According to some sources, support for LGBT rights has declined in Ukraine in recent years. Nash Mir (Our World) Gay and Lesbian Center coordinator Andriy Maymulakhin in his 2012 analysis said: “Over the past five years, the number of people who support granting equal rights to homosexual citizens has decreased from 42.5 percent to 34.1 percent. The number of people who think that homosexual citizens should have the right to register their relations as a conventional couple, has decreased from 18.8 percent to 15.8 percent. The number of people who think that homosexual citizens have a right to raise children has decreased from 21.5 percent to 17.1 percent.”  

In addition, “a Gorshenin Institute study done the same year showed 72 percent of Ukrainians had negative attitudes towards sexual minorities.” At the same time, the Kyiv Weekly (September 13, 2013) interviewed gay people who stated that their lives are gradually getting better over time. There have also been recent attacks in Ukraine against gays. Strong resistance to LGBT rights have also emerged in other former Soviet countries including Russia.

In Ukraine, there is a general lack of tolerance towards sexuality discussions in general, and LGBT issues in particular.  LGBT issues are tolerated less than HIV/AIDS discussions.  An example of how challenging HIV/AIDS discussions are is the situation with Ukraine’s only national clinic for HIV-positive patients located in the Lavra, a complex of monasteries in Kyiv, which has received extensive pressure to be relocated.

LGBT Volunteers in Ukraine

Despite these challenges, many LGBT Peace Corps Volunteers have served successfully in Ukraine during the post’s 21 years, although most have functioned “in the closet” without informing Ukrainians, except perhaps their very closest friends. Of course, living as a couple it will be much more difficult to avoid recognition of sexual orientation. This creates challenges that will likely be somewhat greater than those faced by single LGBT Volunteers.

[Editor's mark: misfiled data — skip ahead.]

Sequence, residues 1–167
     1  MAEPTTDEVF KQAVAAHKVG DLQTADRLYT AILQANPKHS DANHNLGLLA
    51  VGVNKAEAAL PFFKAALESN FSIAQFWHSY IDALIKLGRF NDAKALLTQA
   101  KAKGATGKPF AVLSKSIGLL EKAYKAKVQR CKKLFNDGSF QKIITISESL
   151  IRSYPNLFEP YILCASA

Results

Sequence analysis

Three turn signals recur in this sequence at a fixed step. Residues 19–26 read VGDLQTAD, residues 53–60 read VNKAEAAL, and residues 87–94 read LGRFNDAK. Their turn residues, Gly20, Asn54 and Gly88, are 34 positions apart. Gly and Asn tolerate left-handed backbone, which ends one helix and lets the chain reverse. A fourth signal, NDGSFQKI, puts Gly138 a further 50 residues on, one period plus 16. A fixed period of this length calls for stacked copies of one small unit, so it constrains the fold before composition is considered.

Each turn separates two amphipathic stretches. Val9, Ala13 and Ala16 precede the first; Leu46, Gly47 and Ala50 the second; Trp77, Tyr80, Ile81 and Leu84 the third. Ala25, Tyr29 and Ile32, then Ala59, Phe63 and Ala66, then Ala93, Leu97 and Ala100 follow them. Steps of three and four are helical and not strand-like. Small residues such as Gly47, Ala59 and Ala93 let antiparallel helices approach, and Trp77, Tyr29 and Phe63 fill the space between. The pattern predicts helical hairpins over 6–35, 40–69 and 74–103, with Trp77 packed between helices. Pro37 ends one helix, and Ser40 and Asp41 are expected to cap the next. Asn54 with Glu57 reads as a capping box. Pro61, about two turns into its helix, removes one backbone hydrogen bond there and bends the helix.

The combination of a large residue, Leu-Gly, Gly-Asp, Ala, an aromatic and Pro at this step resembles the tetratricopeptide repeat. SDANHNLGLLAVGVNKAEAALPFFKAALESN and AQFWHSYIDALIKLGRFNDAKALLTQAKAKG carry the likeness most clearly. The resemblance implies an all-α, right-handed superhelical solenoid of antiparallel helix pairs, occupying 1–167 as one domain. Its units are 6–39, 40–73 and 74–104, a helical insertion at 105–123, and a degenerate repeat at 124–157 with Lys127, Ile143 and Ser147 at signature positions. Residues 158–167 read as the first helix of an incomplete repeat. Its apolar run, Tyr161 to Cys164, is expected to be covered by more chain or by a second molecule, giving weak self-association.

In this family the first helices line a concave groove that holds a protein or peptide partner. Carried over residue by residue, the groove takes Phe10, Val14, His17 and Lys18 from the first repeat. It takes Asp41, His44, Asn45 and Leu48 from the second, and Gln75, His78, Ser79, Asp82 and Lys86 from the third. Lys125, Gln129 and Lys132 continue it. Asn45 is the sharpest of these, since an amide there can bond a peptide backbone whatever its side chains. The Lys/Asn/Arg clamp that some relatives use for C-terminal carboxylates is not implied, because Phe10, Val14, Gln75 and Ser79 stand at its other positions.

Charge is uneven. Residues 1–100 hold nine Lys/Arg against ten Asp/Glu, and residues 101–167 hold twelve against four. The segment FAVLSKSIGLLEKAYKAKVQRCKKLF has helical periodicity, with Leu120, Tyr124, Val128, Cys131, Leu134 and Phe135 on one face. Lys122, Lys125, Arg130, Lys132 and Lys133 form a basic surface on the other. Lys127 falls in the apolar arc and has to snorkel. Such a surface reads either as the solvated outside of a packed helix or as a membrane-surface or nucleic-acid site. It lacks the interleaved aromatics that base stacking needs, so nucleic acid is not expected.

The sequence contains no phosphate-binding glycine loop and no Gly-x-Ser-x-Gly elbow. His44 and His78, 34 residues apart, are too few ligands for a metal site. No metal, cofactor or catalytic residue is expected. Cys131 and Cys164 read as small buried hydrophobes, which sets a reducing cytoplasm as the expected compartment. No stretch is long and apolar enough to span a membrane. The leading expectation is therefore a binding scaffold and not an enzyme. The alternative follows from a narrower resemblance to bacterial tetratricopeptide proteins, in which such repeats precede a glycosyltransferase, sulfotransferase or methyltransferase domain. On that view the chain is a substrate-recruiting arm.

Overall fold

Peace Corps Ukraine (PCU) staff has been trained and many are self-identified allies. The  GAD (Gender and Development Working Group) LGBT subcommittee serves as liaison between the PCV community and PC Ukraine office. This group has been worked on safe-spaces for PCTs (Peace Corps Trainees) and PCVs and also provides plans and resources to Volunteers seeking to incorporate LGBT awareness into their service.

The GAD LGBT subcommittee also produced a video explaining the realities of living in Ukraine with tips for LGBT Volunteers in Ukraine, and this has been shared with Washington. The video states: “Being LGBT in Ukraine is not fair. . . it is taboo. . . You probably can’t be open with many host country nationals.” The video suggests using the Volunteer experience as an opportunity to promote tolerance in general, not just towards LGBT people, as that may attract unwanted attention.

The SSxC Working Group

The Peace Corps country office gathered a group of Peace Corps Ukraine staff, Volunteers, and interested US Embassy diplomats who met on September 27, 2013 to explore this issue further and help make recommendations as how to best proceed in Peace Corps Ukraine.   Participants were five PC Ukraine staff, five PCVs (including Volunteer Advisory Council leaders), and two American diplomats who are an SSxC.  The working group considered these questions and other relevant topics:

  • What are the safety risks for same sex couples in Ukraine?
  • Can the risks be reasonably mitigated (for example, placement in capital city only, female couples only, separation of couple during training, clustering, avoid school placements, etc.)?
  • Is it possible for a same sex couple to live together in Ukraine without attracting undue attention?
  • What training with be needed for staff, Volunteers, counterparts, host families, etc?
  • What training/information will need to be provided to the same sex couples?